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The fact he’ll go down in history as a “first” won't ease the mind of Miguel Ashby--a Seattle, Washington, kingpin facing federal charges related to bath salts. Cops says he's been supplying a major bath salts drug ring in a business plan raking in millions. 10 arrests are made in the famous June 28, 2011, arrests over a deadly drug said to mimic cocaine or Ecstacy but capable of triggering psychotic episodes.
Feds say what’s been dubbed “bath salts” are proving a dangerous new designer drug – now associated with mass emergency room visits and deaths across the nation since use hit a fast high in 2010.
The Drug Enforcement Administration (DEA) claim Seattle-area bath salts supplier, Miguel Ashby, has been acting as a kingpin – leading a drug ring that’s accused of supplying bath salts as a drug to New York City, New York, and Seattle, Washington, head shops while also making bath salts available for purchase online.
The drug bust is an absolute “first” for a new New York-based DEA task force targeting bath salts. Bath salts include a group of substances sold in convenience shops and head shops – the drugs said to mimic the effects of cocaine or ecstasy.
Just weeks ago on June 3, an ABC News "20/20" investigation found that – despite the drugs being made illegal and linked to several deaths, they continue to be made easily available to the public and sold in both retail and online stores "Bath salts" are supposedly responsible for 2,500 calls to poison control centers since 2010, and their use connected to four deaths in 2011.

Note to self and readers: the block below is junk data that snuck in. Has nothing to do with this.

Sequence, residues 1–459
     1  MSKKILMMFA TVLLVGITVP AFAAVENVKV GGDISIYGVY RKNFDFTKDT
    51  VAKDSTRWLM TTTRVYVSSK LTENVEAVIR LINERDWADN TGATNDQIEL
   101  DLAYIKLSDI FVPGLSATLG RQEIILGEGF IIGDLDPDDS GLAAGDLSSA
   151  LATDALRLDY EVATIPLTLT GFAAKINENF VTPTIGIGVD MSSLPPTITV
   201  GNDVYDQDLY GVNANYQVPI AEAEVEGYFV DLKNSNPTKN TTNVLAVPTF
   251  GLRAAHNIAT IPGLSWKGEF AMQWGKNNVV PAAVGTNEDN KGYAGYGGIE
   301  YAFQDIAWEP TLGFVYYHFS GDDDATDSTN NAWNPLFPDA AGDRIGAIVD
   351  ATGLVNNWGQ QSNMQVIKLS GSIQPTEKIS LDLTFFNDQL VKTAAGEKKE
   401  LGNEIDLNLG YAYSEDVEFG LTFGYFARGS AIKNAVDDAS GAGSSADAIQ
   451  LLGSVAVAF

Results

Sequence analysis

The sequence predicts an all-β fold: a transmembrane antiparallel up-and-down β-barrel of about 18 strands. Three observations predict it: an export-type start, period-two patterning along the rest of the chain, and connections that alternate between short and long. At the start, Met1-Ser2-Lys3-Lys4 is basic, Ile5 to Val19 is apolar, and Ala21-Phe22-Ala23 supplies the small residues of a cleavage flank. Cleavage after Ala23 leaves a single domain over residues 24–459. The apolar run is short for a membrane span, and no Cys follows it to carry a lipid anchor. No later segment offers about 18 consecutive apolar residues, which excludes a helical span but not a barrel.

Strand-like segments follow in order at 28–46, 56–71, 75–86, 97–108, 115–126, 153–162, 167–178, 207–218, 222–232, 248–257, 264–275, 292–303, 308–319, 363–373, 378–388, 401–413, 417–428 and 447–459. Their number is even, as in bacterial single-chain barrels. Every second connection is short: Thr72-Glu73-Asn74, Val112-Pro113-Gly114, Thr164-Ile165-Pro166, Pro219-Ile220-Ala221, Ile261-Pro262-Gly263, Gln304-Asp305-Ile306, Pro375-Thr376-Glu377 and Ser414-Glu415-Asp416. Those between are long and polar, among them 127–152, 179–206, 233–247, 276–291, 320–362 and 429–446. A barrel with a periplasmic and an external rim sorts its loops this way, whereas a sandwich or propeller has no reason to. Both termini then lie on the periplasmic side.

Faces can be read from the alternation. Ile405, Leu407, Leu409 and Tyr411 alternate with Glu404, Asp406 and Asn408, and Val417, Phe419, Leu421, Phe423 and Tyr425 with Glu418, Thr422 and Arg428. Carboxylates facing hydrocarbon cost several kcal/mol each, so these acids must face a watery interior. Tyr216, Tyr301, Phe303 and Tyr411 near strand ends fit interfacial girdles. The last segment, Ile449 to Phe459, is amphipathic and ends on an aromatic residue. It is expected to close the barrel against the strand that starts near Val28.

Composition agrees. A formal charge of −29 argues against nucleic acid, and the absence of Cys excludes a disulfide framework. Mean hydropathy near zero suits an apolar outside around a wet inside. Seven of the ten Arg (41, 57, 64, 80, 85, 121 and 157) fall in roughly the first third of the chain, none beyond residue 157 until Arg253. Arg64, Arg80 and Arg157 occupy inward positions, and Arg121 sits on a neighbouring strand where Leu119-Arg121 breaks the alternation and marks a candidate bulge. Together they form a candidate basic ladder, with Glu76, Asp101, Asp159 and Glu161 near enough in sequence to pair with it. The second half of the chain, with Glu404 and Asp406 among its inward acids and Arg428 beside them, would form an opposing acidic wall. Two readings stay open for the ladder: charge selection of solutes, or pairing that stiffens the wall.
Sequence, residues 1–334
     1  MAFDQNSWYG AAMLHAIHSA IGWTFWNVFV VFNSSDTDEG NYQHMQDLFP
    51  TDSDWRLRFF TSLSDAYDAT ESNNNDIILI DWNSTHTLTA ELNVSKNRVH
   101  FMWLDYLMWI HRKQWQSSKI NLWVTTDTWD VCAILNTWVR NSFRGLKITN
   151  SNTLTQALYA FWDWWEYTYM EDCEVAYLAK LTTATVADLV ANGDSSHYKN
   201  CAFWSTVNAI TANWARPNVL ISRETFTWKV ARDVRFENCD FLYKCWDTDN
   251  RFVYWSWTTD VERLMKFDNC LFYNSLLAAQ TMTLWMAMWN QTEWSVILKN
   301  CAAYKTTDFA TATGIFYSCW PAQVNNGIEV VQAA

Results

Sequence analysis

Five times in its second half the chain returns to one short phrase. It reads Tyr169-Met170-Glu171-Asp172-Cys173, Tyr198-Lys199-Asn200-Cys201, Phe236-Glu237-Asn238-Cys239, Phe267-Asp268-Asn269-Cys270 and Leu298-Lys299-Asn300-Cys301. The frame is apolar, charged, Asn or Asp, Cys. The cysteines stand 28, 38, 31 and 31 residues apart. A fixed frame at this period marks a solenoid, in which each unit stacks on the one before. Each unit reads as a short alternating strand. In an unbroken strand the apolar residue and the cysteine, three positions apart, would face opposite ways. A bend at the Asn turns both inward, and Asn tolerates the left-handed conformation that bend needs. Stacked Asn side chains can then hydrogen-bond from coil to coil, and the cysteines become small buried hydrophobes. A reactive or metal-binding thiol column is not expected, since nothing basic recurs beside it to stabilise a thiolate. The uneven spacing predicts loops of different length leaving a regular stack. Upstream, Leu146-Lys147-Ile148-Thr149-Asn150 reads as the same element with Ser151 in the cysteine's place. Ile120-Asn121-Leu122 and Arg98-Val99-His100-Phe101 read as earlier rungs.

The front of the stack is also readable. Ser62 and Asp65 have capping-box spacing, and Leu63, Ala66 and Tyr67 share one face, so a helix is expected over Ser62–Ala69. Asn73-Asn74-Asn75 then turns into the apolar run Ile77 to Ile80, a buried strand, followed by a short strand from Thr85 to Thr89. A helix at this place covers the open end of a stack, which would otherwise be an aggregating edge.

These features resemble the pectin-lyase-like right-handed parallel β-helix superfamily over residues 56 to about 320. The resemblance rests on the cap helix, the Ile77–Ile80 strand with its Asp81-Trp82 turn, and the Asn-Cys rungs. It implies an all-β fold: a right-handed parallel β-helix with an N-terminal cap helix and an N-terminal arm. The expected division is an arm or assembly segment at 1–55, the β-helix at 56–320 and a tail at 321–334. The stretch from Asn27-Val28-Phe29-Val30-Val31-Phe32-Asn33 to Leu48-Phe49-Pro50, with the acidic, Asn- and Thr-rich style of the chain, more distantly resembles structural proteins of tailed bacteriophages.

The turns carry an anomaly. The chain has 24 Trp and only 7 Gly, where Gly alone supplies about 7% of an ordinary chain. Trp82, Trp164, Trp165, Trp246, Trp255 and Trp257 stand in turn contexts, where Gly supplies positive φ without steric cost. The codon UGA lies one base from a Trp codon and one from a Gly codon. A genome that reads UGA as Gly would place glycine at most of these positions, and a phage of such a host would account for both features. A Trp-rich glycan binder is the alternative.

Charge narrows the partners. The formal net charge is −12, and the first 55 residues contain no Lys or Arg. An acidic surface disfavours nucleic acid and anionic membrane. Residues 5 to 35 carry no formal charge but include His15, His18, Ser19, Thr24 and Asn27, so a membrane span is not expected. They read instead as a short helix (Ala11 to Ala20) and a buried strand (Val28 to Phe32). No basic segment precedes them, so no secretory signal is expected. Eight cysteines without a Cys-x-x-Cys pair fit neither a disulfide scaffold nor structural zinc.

Police say the ringleader Ashby has been operating a company called “Ascension Therapeutics” in the Seattle area, per a criminal complaint filed in Manhattan’s federal court. Accused of being the ring’s kingpin, Ashby is accused of ordering large quantities of MDPV -- a drug commonly used in bath salts -- over the internet from China. MDPV is a chemical designed to mimic drug use effects of “Ecstasy”. Ashby would then supposedly package the MDPV and distribute the newly-packaged bath salt product to nine other defendants and making the bath salts available for online purchase with a website claim for reducing stress: "Relieve your stress today!"
Washington state’s Board of Pharmacy has just recently placed an emergency ban on on certain types of bath salts –including the designer drug labeled as “Cloud 9”.
While bath salts are said to mimic the effects of ingesting cocaine or “Ecstasy”, poison control experts say effects triggered by bath salts can be completely unpredictable or even trigger psychotic episodes. Bath salts packaging says the product is not for human consumption. Consumers don’t know what is truly contained in the product being purchased for use.
Federal prosecutors allegedly seized 36 kilos of the bath salts drug from Ashby and a total of 40 kilos of the drugs in the bust. The drug bust is said to be worth more than $2 million in street value – with Ashby looking at up to a 20-year prison term if convicted on the bath salts charges.